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  • Writer's pictureKrystal Ying, LMFT, LPCC, LPC

How to Ground Yourself and Stay Present: 4 Favorite Techniques

Grounding is the act of directing energy to the earth, feeling supported by the physical base beneath you, and helping you stay in the here-and-now. Experience how grounding can relieve stress, trauma, PTSD - symptoms driven by the past and future.

Also...what are the signs of being ungrounded vs overgrounded?

grounding skills, ptsd symptoms, healing trauma
Photo by Jordan Whitt on Unsplash

Grounding is feeling physically and energetically connected to the earth by directing energy into the ground. Much like the grounding cord of an electrical circuit, unwanted energy is deposited into the ground to prevent leakage and protect your energy. Grounding can help you gain balance, enjoy a felt sense of stability, anchor to the present moment.

Signs of Being Ungrounded

  • Anxious, tense (physically, mentally)

  • Stuck in ruminating loops, spiraling mentally

  • Can't focus, difficulty completing tasks, easily distracted

  • Dissociation: feeling out-of-body, far away, "not here"

  • Hyperarousal symptoms: on edge, activated, hypervigilant, etc

  • Hypoarousal symptoms: down, low energy, weighted, depressed, etc

  • Teetering between both hyper- and hypoarousal

Existing in today's world is not easy. We can get swept up into the overwhelming cycles of physical and mental distress, especially following a traumatic event like sexual assault. We can also become ungrounded by stress, such as bills, being criticized, conflict, global news, feeling insecure after a job interview, or being on edge around family.

Oftentimes for survivors of sexual trauma, the brain and body get stuck in survival mode, fixating on flashbacks (past) while also hypervigilantly anticipating threats (future). It is no wonder that people often feel dissociated, as if the ground beneath has shaken their footing. It is never too late to learn and benefit from grounding so that you can bring more peace, stability, and security into your life. Below are some of my favorite somatic grounding techniques. Try these out with an experimental attitude by reflecting and observing your reactions, noting that not all of these will suit you.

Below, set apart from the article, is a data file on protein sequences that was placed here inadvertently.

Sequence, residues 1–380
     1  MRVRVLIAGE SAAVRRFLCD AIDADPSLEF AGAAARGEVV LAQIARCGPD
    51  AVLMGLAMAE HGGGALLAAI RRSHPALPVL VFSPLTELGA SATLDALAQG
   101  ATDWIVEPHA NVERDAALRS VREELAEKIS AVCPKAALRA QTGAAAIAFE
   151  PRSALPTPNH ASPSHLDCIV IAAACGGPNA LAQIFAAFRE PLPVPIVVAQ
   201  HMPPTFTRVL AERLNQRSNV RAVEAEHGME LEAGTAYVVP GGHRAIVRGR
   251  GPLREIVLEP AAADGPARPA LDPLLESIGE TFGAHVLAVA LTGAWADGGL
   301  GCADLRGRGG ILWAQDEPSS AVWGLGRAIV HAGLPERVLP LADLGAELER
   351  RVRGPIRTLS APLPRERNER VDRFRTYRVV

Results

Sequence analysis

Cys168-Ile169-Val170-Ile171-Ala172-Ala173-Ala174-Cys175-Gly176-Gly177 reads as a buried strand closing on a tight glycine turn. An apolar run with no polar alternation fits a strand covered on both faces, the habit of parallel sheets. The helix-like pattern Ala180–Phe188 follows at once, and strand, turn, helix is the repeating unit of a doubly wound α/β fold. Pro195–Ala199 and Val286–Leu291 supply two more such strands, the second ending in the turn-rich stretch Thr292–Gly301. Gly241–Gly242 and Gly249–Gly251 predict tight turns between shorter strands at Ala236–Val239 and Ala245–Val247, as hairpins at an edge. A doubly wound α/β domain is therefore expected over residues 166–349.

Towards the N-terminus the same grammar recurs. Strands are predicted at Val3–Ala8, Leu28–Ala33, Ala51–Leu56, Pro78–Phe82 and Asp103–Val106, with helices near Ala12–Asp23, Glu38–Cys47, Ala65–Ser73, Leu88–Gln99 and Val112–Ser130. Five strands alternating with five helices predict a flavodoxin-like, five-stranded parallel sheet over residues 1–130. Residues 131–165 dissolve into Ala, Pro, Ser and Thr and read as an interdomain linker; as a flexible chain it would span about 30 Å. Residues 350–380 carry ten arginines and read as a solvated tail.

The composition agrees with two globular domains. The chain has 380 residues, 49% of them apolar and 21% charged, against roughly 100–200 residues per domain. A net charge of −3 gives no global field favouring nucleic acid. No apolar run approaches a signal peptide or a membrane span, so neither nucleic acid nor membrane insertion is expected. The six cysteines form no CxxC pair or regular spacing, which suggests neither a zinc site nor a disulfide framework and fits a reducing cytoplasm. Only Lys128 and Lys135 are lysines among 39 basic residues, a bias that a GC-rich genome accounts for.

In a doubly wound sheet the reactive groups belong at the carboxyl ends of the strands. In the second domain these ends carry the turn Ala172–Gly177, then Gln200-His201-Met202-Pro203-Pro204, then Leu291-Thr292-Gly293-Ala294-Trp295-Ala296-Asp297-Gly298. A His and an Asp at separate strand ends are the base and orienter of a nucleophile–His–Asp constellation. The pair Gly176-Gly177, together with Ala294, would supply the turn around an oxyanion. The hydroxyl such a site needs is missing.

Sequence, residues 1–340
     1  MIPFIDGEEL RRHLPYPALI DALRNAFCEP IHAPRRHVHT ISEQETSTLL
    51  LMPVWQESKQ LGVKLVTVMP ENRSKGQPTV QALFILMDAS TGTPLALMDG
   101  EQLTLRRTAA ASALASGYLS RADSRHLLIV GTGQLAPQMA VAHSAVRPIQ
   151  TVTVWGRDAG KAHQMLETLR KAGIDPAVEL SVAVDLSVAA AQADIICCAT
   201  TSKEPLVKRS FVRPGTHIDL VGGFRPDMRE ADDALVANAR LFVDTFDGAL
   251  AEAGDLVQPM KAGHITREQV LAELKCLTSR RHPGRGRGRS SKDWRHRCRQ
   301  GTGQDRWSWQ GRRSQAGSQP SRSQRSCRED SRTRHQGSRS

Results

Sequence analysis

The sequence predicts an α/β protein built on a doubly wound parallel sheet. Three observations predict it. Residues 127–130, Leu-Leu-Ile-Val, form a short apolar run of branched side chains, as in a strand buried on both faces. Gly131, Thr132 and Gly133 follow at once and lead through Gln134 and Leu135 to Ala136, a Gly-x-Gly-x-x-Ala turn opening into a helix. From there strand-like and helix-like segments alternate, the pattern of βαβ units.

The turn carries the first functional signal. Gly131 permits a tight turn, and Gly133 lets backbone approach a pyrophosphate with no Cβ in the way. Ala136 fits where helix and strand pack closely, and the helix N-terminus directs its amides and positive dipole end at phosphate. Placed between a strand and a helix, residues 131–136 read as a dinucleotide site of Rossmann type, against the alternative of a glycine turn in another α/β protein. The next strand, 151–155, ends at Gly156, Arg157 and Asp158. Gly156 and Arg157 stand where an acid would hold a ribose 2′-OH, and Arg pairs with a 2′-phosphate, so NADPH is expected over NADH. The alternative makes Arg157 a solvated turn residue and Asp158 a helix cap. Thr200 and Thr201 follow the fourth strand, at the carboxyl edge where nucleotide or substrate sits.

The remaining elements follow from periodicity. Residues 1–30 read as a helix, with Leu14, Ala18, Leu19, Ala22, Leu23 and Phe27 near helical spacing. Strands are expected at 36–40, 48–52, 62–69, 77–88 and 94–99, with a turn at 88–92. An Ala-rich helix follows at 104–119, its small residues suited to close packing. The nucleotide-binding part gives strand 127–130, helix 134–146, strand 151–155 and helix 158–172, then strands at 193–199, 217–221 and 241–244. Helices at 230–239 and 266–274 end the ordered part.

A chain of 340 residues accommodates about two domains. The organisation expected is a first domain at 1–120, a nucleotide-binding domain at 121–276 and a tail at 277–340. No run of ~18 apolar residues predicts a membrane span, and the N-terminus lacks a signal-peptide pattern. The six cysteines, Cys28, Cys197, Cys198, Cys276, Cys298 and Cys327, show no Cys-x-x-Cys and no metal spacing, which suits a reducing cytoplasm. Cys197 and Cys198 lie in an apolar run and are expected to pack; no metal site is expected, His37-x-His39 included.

Trauma, attachment inadequacies and other painful events can cause us to "lose our ground." - Pat Ogden & Janina Fisher

Skip to the very bottom to learn about symptoms of being overgrounded.

1. Sitting Grounding

Try this sitting upright, comfortable in a chair or on the ground.

  1. Breathe naturally and notice your breath as you sit.

  2. Observe any thoughts or feelings, and let them go.

  3. Relax your body and sense gravity pulling you downward into earth.

  4. Notice the chair or surface you are sitting on, feel the surface below you supporting the weight of your body.

  5. Notice the contact points between your body and surface below - feeling the areas of your sit bones, buttocks, thighs, feet.

  6. Try engaging your muscles by pushing your feet into the ground, one at a time, then both simultaneously. Stomp if you'd like to feel your feet make contact with the earth and gain a sense of your legs and feet.

  7. Continue until you feel sensations in your legs and a sense of connection with the earth. You can thank mother earth for receiving and giving energy.

2. Standing Tree Breath Grounding

Photo by Engin Akyurt on Unsplash

This wonderful grounding technique connects you to earth, drawing energy up and down through the roots of your feet. Begin by standing with spine aligned and arms branching out.

  1. While standing, breathe naturally and notice your breath.

  2. Sense your feet as they are supported by the ground beneath you. As you inhale, imagine drawing your breath upward from the ground through your feet. As you exhale, imagine releasing your breath downward through your feet into the ground.